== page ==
The Daily Politics Show: The Language of Trust (Part 1)

Recently, I had the surreal experience of appearing on the BBC2 ‘Daily Politics’ show with political analyst, Jo Coburn, grilling me on the topic of trust. This surprising five minutes of fame was triggered by a recent Academy of Executive Coaching (AoEC) survey on the language of trust in politics which revealed the following conclusions:-

  • 83% of those surveyed were more likely to trust someone who used simple language than someone hiding behind complicated wording
  • 57% were also more likely to believe someone giving short, concise answers than those going into more detail

In addition, the survey identified the following ten most commonly used phrases that arouse suspicion when used in communication:-

  1. If I’m honest
  2. Let me be clear…
  3. Believe me…
  4. The honest truth is…
  5. The fact is…
  6. To be fair…
  7. In terms of…
  8. The real issue is…
  9. I understand what you are saying but…
  10. In all honesty….

The above phrases when spoken by leaders and politicians cause instant distrust, backfiring spectacularly by suggesting the exact opposite of their intended effect. The survey also found that the three qualities that are most important to how trustworthy a leader appears are:-

  • Emotional openness
  • Calm rationality
  • Benevolence

The Daily Politics Show

Jo Coburn was interested in how these findings play out when applied to the field of political leadership. The Brexit referendum gave us some interesting case studies. On the one hand, we had our ex-prime minister, David Cameron, pleading with voters by prefacing many of his statements with ‘Let me be clear’, ‘Let me be very clear’ and ‘Let me be absolutely clear’. Often these statements were followed by impenetrable economic jargon to justify the ‘remain’ argument. In contrast, in one TV debate Boris Johnson managed to squeeze in the phrase ‘take back control’ seven times in fifteen minutes. ‘Take back control’ worked as a language of trust because it was short, direct and emotive.

Similarly, in the US election, Donald Trump mastered the art of the short, emotive and simple communication when he led chants of ‘lock her up’ and ‘drain the swamp’, not to mention issuing a simple ‘stop it’ direct to camera when addressing the issue of migrant attacks in the wake of his election as President. One voter summed it up by saying, ‘Donald Trump talks like we talk around our kitchen table. He is ‘one of us’ and that’s why I voted for him’. What this shows us is that, whereas in the past we wanted our leaders to be distant, cold bastions of authority, we now seem to prefer them to be more like us – simple, human and imperfect! We have given up believing in the all-powerful, all-knowing heroic leader because, in a world where nothing can be hidden, we’ve seen far too many emperors with far too little clothing.

How about our current party leaders? How do they shape up against the findings of this survey? Theresa May’s most popular soundbite is probably ‘Brexit means Brexit’. On the one hand, this phrase scores well because it is short and it uses simple language. On the other hand, it scores less well in that it is vague and impenetrable. It creates the impression that Mrs. May is hiding behind a tag line. On the other side of the house, Jeremy Corbyn rose to the top of the labour party on a tide of popular votes hailing him as an authentic leader from outside the previous labour establishment. His use of language is simple and he marries this with a strong image as ‘one of us’ – someone who travels second class on the train and sits on the floor when there are no seats available. One of his more memorable phrases was ‘I want a world of peace. I am not interested in bombs’. This scores very highly against the survey findings because it is short, simple and emotive. It speaks to the heart not to the head.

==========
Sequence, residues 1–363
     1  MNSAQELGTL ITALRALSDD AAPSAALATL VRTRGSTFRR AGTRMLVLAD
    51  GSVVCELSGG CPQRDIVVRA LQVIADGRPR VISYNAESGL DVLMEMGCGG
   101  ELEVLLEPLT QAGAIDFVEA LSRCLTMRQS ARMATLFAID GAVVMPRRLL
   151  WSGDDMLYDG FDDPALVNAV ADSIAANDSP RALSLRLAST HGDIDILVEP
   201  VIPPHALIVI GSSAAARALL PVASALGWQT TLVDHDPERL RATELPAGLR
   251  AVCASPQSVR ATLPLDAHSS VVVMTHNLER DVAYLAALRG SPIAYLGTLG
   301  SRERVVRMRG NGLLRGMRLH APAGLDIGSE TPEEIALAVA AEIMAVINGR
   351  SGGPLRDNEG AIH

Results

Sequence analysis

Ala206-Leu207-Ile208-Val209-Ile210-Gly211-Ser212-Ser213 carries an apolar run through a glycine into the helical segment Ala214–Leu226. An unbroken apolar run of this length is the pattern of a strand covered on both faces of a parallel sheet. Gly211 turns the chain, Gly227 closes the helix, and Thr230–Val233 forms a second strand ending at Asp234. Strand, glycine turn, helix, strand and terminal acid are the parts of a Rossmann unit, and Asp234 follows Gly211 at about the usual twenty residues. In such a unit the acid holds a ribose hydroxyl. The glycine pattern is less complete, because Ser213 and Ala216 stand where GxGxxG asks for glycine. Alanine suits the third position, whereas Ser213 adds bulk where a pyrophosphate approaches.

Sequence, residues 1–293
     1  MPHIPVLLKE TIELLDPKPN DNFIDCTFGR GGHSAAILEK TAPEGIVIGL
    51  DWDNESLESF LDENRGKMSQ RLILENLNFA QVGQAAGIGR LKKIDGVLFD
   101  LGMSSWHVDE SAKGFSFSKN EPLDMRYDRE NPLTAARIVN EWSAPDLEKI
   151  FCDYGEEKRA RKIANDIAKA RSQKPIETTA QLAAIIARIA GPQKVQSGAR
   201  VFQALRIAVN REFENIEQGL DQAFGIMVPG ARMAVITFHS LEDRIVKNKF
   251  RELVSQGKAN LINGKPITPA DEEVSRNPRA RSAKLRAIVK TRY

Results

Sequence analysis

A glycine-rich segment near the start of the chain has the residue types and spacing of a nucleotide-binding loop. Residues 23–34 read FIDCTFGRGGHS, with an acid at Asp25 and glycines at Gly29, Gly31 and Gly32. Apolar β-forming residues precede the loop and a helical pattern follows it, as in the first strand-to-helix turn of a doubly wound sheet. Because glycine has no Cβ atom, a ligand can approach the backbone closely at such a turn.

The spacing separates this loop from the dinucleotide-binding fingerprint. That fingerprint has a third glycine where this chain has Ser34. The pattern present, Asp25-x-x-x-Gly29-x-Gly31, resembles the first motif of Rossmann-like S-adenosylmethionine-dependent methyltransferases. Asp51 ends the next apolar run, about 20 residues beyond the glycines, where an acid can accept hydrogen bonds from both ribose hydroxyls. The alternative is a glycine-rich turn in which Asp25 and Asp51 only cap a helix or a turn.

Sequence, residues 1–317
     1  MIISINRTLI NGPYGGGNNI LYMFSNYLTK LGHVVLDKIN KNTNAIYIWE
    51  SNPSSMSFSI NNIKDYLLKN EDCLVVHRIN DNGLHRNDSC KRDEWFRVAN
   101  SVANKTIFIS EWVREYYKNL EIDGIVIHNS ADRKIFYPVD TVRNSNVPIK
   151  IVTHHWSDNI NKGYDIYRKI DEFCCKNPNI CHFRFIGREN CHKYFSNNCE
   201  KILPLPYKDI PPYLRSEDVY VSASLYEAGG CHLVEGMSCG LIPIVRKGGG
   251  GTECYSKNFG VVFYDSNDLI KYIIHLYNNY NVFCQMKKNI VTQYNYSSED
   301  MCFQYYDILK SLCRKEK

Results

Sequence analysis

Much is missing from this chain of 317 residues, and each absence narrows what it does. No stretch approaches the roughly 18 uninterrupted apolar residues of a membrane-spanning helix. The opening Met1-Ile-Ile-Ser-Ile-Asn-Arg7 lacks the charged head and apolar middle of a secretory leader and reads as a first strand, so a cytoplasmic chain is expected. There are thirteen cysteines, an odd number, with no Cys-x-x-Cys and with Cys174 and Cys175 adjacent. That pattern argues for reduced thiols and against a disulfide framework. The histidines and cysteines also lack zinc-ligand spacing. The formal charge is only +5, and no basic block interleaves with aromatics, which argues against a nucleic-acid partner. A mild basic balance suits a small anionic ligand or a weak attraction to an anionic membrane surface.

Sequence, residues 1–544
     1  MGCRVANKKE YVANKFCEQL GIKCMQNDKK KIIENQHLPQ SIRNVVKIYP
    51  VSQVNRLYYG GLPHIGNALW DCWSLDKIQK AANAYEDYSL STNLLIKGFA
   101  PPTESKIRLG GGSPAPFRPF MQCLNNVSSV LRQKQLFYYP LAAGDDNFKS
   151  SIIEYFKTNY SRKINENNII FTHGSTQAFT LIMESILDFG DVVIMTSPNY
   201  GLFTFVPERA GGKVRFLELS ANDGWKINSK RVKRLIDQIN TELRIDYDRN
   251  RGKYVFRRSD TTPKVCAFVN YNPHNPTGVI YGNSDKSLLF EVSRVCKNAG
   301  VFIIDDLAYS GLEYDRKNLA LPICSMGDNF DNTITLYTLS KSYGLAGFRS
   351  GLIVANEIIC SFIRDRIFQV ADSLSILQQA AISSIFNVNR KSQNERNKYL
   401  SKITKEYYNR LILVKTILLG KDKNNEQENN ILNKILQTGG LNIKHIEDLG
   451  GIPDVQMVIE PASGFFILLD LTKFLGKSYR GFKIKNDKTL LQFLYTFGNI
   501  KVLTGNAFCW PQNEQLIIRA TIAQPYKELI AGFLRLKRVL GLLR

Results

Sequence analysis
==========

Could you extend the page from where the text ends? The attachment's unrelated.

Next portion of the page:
Finally, let us turn to the topic of benevolence as a factor in building trust. I think we are all familiar with the idea that leaders need to be competent and have integrity if they are to be trusted, but this extra dimension of benevolence becomes critical in a world where nothing can be hidden and there is no deference to authority. Benevolence means wishing well for others. It involves care, compassion and kindness. It involves being a human being first and then a politician second. Where can we look for our political inspiration when it comes to benevolence? It is tempting to look abroad to figures such as Nelson Mandela or Ghandi, but more recently, on our own doorstep, we have had a shining example of a kind political leader. That is the legacy that Jo Cox has earned after her untimely death, because when this MP spoke she spoke the language of benevolence. It was Jo Cox who said, ‘we have far more in common with each other than things that divide us’. That is benevolence in action, but her death demonstrates that political leaders who wish to show benevolence in an era of division, anger and intolerance will need to be very brave indeed.

John explores the three pillars and nine habits of trust in his new book, ‘The Trusted Executive’ which has been shortlisted as the CMI book of the year. Available to order now via Amazon UK.

 

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